Property developers want more land dedicated to Build to Rent

by Gary Whittaker

Build to Rent has been seen as the potential future of the private rented sector in the past few months. With the government making it more expensive for people to invest in buy-to-let homes in the aftermath of the three per cent Stamp Duty levy, many predicted that there could be a way for the supply and demand issue this may bring about to be addressed by the building of new dedicated homes for the rental market. 

And now, a group of developers have come together to tell the government they want more done to help boost the Build to Rent sector, allowing it to become one of the major sources of new homes in the UK. With its potential realised, the Better Renting group said, the sector could help bring 250,000 new homes to market for rent. 

The campaign group has even written to the housing minister to ask for support in helping property developers aid the governments plans to add an extra million homes to the British property market between now and 2020. The rise of this new sector could also help to bring as much as £50 billion into the property market. 

In the letter to the housing minister, the group claims that the government could help its cause by setting aside an agreed proportion of public land for the use of development in the sector. Not only would this allow for a stronger supply of rental homes coming to market, but it would also allow councils and public land owners to generate rental income from the properties built there.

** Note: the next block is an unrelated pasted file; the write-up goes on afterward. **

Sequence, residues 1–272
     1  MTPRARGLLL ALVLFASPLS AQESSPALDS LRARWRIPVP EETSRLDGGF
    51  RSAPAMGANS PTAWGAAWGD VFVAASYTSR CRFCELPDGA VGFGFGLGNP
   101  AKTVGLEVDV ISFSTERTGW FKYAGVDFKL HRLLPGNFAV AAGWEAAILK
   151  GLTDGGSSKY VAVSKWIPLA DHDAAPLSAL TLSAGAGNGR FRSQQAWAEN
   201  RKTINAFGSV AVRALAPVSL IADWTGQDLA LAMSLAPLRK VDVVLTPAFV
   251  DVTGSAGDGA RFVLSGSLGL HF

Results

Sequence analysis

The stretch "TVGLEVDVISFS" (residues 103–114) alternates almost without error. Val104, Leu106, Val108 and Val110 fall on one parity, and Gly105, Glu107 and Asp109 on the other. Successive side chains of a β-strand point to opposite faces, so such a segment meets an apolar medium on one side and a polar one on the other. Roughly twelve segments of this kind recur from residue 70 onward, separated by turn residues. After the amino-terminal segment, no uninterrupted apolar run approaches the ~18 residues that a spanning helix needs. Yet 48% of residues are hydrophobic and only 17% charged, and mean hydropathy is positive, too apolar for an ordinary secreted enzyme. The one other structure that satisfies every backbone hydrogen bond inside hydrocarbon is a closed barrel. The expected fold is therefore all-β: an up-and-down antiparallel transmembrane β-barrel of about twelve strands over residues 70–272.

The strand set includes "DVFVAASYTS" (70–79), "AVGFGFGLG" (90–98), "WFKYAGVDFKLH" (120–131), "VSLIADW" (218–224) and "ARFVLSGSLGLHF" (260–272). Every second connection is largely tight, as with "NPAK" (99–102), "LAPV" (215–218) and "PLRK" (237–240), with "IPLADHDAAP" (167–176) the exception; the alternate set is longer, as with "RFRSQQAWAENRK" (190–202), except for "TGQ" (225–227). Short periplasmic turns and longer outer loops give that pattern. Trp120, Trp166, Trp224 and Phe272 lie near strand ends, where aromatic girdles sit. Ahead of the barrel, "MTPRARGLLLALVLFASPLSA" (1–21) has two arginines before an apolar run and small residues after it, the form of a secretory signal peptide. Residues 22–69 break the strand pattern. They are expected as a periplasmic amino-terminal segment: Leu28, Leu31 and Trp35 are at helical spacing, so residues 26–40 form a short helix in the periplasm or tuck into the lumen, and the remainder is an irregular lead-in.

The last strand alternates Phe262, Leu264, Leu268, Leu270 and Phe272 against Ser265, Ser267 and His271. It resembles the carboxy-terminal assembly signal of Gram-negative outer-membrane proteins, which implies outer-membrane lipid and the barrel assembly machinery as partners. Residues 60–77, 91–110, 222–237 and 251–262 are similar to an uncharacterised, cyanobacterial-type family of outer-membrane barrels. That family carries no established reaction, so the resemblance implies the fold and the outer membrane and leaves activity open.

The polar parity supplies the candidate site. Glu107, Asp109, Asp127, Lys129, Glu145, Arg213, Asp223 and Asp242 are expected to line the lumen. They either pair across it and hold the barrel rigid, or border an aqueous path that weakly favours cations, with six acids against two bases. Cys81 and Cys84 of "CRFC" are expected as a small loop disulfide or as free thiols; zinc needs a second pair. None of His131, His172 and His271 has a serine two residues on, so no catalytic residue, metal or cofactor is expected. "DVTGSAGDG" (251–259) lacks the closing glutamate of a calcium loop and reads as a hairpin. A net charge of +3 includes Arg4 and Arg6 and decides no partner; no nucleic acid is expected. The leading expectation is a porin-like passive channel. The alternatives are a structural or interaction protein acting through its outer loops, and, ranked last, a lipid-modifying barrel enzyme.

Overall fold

It also asks the government to make a U-turn on the decision to include Build to Rent corporations in the three per cent Stamp Duty levy. In December, when the tax was announced, it was originally suggested that only individual landlords would be affected, but it was later changed to include large corporate investors as well. 

Martin Bellinger, chief operating officer at Essential Living, part of the group, said: "Until we face up to the fact that promoting home ownership at all costs will lead us nowhere, Britain will not overcome its housing shortage. The housing minister has been very supportive of Build to Rent, but what’s crucial is that the prime minister and chancellor recognise the contribution this could make to helping them keep their promises on building a million homes by 2020."

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08-June-16Legal News